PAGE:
Finally, we really cannot talk about data serialization without briefly mentioning what might be the penultimate example of serialization - databases.

Database Database1


A database is a specialized piece of software that is designed to store and retrieve large amounts of data. For many applications, especially web applications, a database is the primary method for storing data long-term, and takes the place of any data serialization to a file.

While most database systems are thought of as stand-alone applications that we connect to from our application, there are also smaller databases that can be stored and accessed from a single file, such as SQLite, which is supported directly in Python

Many databases can also store text or binary values directly, so it is possible to use the serialization methods we’ve already discussed to transform objects in memory and store them in a database.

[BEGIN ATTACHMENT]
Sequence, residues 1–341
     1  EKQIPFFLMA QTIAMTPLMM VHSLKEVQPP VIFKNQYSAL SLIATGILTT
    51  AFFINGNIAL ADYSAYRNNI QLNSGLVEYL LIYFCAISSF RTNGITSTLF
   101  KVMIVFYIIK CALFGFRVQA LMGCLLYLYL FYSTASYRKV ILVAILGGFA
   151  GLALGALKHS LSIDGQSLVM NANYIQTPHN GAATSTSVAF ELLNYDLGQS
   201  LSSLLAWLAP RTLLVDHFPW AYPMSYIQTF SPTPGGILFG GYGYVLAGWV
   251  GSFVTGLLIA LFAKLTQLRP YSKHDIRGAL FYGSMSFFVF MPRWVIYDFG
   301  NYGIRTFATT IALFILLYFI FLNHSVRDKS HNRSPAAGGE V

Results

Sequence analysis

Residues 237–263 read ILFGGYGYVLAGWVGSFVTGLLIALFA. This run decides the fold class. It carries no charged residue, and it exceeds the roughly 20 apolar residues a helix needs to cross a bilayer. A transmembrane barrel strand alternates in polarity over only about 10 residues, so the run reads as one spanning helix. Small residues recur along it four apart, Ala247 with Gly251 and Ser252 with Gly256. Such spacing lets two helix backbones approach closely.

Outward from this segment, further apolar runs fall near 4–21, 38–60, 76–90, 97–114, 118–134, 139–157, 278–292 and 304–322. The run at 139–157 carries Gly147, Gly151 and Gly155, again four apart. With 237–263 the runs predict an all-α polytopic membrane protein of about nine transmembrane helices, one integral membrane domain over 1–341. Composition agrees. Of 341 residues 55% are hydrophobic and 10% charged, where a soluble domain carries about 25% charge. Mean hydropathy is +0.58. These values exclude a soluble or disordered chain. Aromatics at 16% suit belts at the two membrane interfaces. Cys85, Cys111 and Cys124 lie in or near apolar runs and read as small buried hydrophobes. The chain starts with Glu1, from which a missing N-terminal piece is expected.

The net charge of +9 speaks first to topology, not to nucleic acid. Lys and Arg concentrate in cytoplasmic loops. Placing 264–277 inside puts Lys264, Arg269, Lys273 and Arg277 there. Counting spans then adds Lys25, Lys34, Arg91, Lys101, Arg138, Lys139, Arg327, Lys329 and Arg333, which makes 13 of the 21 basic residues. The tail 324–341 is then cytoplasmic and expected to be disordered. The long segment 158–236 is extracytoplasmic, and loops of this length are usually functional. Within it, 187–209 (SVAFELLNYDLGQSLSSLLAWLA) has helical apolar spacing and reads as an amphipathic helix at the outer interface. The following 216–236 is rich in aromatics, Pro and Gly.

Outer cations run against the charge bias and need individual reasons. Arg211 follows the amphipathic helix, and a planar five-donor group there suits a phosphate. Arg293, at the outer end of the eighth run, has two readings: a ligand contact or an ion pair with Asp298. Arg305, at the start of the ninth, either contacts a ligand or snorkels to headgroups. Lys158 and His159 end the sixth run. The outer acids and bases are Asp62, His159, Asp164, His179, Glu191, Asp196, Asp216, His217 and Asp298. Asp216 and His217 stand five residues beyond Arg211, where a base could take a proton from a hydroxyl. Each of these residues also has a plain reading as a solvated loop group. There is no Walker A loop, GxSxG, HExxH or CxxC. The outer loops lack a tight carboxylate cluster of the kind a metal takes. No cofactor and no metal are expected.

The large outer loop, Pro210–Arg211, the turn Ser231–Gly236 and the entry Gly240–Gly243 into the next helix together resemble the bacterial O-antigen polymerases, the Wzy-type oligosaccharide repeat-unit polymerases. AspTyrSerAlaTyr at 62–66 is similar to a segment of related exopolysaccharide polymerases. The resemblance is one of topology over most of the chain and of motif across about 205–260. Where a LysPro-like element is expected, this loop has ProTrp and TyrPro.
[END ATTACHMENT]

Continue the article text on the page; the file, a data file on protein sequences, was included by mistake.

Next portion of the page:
Finally, there are many object-relational mapping, or ORM, tools available that will easily map data from a database into objects that can be used in an object-oriented manner. These can help bridge the gap between the data structures most commonly used in a database and the object-oriented data structures we are familiar with.

We won’t work with databases in this class, as that is well outside of the scope of what we can cover quickly. There are later courses in the Computational Core program that cover both databases and web development in much greater detail. We simply felt that it was worth mentioning the fact that, in practice, a large amount of data serialization is actually done with databases instead of files on a file system.